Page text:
By Nathan Pfau, Army Flier Staff WriterSeptember 1, 2016
FORT RUCKER, Ala. -- A big factor when it comes to training and flying on Fort Rucker is the weather, and one organization on Cairns Army Airfield keeps the installation informed to help ensure the safety of its Aviators.
Fort Rucker Weather Operations provides weather updates, alerts and reports to the installation's Aviators that help them prepare their flight plans, but also provides valuable information to the post to help when planning events across the installation, according to Cindy Howell, supervisory meteorological technician.
"We do a little bit of everything here, but our main mission is Aviation weather," said Cindy Howell, supervisory meteorological technician. "We issue our product set three times a day -- covering an area approximately 32,000 square miles. The local flying area spans portions of Alabama, Georgia and Florida. Our product set includes the Mission Execution Forecast, which covers VFR flights within 60 nautical miles; a DD 175-1 that covers IFR flights within 100 nautical miles; and a DD 175-1 Continuation Sheet that covers IFR flights within 150 nautical miles."
These products are all available on the Fort Rucker Weather Operations website. Howell said providing that knowledge to pilots is crucial.
"They can't legally launch their aircraft without a weather briefing," she said. "We try to be as thorough as possible, tailoring each briefing to that particular customer. Our goal is to minimize their risk and maximize their training time."
But briefing pilots about what weather they might be flying in is only one part of daily life in weather ops.
Resource protection is another valuable part of the mission at weather ops, which issues 54 different watches, warnings and advisories throughout Fort Rucker, said Howell.
"These watches, warnings, and advisories are issued for forecast and observed hazards, such as cold temperatures, icing, turbulence, severe thunderstorms and tornadoes," she said.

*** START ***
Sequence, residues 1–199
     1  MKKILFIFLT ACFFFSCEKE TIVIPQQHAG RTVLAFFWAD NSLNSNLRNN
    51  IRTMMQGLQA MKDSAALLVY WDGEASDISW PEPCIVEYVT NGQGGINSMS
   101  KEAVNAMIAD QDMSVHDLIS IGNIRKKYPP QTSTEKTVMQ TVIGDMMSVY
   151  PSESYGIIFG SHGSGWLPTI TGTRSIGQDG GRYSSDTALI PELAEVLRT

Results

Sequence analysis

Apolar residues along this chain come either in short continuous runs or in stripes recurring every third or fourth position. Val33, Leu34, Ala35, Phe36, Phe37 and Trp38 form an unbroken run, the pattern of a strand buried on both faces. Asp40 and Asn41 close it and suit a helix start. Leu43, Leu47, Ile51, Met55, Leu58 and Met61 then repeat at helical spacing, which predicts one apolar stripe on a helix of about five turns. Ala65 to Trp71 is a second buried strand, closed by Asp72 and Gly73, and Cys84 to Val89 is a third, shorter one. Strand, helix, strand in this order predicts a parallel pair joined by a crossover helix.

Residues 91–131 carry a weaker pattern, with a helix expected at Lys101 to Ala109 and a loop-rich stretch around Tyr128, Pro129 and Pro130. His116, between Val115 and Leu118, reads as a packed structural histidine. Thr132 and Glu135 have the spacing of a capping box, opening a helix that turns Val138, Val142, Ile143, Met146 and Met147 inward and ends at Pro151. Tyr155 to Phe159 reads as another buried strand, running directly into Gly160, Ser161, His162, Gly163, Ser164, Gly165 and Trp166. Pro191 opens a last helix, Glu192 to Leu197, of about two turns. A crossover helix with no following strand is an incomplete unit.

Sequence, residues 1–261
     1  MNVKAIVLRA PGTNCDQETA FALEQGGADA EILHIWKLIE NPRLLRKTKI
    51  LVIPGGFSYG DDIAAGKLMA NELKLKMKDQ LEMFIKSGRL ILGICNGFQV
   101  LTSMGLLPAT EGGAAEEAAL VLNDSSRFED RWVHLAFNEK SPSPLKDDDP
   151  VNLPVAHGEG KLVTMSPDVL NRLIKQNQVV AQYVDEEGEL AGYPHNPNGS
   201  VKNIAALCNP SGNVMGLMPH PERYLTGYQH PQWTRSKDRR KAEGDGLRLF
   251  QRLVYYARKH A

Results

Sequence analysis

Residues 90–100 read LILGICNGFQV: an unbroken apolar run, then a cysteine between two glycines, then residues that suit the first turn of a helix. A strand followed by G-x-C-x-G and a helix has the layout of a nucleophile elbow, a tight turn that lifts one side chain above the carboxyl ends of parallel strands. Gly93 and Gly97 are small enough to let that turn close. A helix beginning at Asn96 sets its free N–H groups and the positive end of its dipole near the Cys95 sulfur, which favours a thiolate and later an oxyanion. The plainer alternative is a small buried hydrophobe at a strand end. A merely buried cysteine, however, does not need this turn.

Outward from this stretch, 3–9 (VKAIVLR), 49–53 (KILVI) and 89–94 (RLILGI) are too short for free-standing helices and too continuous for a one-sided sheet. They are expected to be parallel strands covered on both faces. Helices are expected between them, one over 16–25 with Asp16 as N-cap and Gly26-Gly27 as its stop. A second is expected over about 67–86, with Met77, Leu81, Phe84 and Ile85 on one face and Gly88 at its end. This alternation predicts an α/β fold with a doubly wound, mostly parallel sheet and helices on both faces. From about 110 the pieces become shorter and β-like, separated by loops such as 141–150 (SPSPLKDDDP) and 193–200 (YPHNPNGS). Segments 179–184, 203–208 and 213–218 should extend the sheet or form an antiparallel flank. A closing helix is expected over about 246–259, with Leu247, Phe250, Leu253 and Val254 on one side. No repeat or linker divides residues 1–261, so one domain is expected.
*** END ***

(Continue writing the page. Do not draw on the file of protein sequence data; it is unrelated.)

Weather ops monitors the Doppler radar constantly for severe weather and also serves as the secondary tornado siren on the installation. When hurricanes threaten the post, Howell and her team spring into action, producing a tailored hurricane briefing and threat assessment every six hours.
"Our hurricane briefing is tailored specifically for Fort Rucker," she said. "It provides post leadership the information they need to make decisions on safeguarding aircraft and early release of personnel."
Howell said the Fort Rucker community has great resources available to them via the weather ops website, Facebook page, Twitter feed and mobile app, which are all accessible at www.rucker.army.mil/6weather, where people can find links to local radar and satellite feeds, planning data, tropical products, safety information and more.
"Weather is unpredictable. Be informed and be prepared," said Howell.
Although Fort Rucker Weather Operations focuses on forecasting weather, they differ from the typical weather forecaster people might see on the evening news.
"A civilian forecaster might tell you partly cloudy with a 30-percent chance of rain, but we have to be a little more precise than that," she said. "We have to tell you within 30 minutes what time will the rain start and how high will the clouds be. Depending on the customer, airframe and mission, we have to tell you the difference between a 400-foot and 500-foot cloud ceiling. To our customers, 100 feet can mean the difference between a go and a no-go.
"To produce our forecasts, we look at the overall picture, local area surface observations, satellite imagery, radar and the upper levels of the atmosphere," said the meteorological technician. "Then we take all that, along with model data, forecast data and alpha numeric guidance, and we piece it all together into the best product we can. It is really a never-ending process and it is as much art as it is science."
Weather ops also does planning forecasts for special events like Freedom Fest, Lake Fest, the children's Easter egg hunt, Children's Festival, Oktoberfest and any major event that takes place on post, she said, adding that these forecasts will be provided to the Directorate of Family, Morale, Welfare and Recreation several days out to help ensure these events can go off without a hitch.
When it comes to weather forecasting on the installation, accuracy is a must, and with weather, that's often difficult to do, said Howell.
"Three days a week we put together a detailed seven-day forecast so Fort Rucker leadership can plan ahead," she said. "Sometimes the customer needs to fly on Saturday. Saturday flying is expensive. Support staff, such as instructors, air traffic controllers, base ops, refuelers and weather must be called in on overtime.
"If people get called in on overtime and our forecast is a bust, we have just cost the customer a lot of money," said Howell. "In these difficult fiscal times, people simply don't have money to throw around like that. We must get it right."